Top Gun: Maverick took the Memorial Weekend 2022 crown, with tons of people contributing to its record-breaking box office success. But that doesn’t mean everyone has already seen it. A police officer pleaded guilty to pointing a gun at a colleague because he threatened to spoil the Top Gun sequel.

While no one likes movie spoilers, pointing a gun at someone for doing so is a whole different story. According to the Los Angeles Times, 30-year-old Australian police officer Constable Dominic Francis Gaynor pleaded guilty to carrying a firearm with disregard for the safety of his colleague. Court documents show that 26-year-old probation officer Morgan Royston had seen “Top Gun: Maverick” the night before and jokingly threatened to spoil the movie for Gaynor. The documents reveal what the Australian police officer did:

“He pointed his firearm near the complainant and held it still for five seconds. The perpetrator’s finger was on the receiver and not on the trigger. The perpetrator was laughing during this incident.”

Gaynor seems to have thought the whole thing was a prank. The Australian Broadcasting Company said Gaynor allegedly told his colleague something along the lines of: “Don’t spoil the movie, c-” and “I’ll shoot you.”

Top Gun: Maverick was one of the top films of 2022. It was the second highest-grossing film of the year and the highest-grossing film for Tom Cruise. The film also received six nominations at the 95th Academy Awards (including Best Picture) and managed to win the award for Best Sound. Critics and audiences raved about Joseph Kosinski’s film, liking it more than the original and believing that the flight sequences made it a great cinematic experience.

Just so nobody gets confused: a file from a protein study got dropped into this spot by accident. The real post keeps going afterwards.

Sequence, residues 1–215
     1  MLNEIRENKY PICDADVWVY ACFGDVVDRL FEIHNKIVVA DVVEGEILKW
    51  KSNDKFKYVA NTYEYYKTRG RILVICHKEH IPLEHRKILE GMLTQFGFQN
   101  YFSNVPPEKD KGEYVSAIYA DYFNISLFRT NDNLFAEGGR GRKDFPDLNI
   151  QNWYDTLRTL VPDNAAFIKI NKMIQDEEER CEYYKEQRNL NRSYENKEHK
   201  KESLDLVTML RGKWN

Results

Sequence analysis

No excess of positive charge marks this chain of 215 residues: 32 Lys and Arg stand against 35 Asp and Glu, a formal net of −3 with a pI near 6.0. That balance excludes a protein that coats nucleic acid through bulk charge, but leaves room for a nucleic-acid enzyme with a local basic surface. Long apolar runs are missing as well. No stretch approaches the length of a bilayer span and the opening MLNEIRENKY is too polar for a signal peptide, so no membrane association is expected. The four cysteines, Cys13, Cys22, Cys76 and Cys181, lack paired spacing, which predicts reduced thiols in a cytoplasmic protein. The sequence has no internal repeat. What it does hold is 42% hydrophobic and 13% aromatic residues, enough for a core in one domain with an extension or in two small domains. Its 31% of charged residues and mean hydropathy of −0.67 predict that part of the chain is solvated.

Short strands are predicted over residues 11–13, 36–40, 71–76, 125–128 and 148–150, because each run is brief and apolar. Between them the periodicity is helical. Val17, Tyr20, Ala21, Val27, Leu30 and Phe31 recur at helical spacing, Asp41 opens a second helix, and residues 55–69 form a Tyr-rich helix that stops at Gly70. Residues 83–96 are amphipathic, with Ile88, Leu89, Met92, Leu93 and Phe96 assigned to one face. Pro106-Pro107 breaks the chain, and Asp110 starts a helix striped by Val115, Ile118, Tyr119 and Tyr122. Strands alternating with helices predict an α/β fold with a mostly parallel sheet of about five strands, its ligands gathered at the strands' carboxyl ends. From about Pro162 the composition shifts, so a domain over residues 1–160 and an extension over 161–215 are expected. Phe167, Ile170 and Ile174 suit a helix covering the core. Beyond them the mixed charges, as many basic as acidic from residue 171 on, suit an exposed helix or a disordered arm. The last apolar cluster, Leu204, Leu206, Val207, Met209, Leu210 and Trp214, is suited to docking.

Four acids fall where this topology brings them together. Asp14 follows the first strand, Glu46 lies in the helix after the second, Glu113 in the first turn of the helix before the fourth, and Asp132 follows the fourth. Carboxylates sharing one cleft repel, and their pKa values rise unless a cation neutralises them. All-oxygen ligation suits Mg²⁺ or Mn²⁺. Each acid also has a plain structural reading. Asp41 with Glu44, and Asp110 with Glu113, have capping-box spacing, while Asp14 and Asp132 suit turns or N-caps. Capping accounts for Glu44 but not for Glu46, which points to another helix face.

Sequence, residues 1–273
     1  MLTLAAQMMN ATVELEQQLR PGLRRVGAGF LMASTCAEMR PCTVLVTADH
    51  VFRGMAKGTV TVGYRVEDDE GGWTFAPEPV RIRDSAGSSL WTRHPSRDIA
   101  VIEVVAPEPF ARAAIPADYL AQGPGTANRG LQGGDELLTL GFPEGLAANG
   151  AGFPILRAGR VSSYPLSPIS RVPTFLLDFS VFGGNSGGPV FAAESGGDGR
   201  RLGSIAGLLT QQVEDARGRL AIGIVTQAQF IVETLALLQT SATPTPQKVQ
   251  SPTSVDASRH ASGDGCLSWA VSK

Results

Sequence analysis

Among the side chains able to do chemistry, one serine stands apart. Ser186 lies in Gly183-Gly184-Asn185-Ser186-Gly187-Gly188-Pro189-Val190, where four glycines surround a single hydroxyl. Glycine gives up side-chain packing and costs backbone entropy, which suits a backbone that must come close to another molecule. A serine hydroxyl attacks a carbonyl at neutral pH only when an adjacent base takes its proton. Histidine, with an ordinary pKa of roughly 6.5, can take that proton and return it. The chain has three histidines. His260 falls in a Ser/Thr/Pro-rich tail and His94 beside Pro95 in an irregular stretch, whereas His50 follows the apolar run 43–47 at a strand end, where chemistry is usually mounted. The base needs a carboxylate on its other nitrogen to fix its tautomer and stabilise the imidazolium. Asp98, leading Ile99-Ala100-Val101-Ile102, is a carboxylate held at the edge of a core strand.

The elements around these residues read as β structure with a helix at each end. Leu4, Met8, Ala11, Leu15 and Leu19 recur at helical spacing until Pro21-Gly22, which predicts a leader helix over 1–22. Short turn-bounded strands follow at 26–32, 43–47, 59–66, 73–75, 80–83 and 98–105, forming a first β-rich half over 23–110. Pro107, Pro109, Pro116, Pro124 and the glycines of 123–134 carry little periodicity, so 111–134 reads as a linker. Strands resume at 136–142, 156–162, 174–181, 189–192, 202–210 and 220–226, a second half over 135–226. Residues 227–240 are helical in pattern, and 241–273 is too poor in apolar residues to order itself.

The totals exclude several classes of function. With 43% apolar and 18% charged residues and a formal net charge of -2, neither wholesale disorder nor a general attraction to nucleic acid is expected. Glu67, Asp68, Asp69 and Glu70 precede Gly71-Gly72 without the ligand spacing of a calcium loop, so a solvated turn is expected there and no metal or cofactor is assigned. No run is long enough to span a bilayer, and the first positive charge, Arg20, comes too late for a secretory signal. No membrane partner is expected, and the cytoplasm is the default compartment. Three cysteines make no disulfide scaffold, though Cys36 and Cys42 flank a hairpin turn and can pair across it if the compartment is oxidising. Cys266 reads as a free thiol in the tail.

What consequences did the police officer and his colleague have?

After this ordeal, probation officer Morgan Royston left the police force. He said he wanted to become a police officer despite the dangers involved. But after Gaynor pointed a gun at him, Royston felt “overwhelming shock and fear.” Unfortunately, this officer then fell into depression, as he said in court on Thursday.

“I have completely lost my trust and admiration for the NSW Police Force. Now when I see a police officer, I feel the urge to keep an eye on them and make sure their hand is not on their gun.”

Gaynor’s lawyer, Chris Micali, argued for Constable Dominic Francis Gaynor that he was remorseful and there was no malicious intent. Micali summarized the incident as “craziness and nonsense” that had “gone wrong.” The lawyer pointed out that a conviction would remove him from the police force and cost his client “very dearly.”

The court sentenced Gaynor not only to a conviction, but also to 100 hours of community service and a two-year community service order. He was also suspended without pay earlier this week. Fortunately, after all of this, no shots were fired and no one was physically injured.

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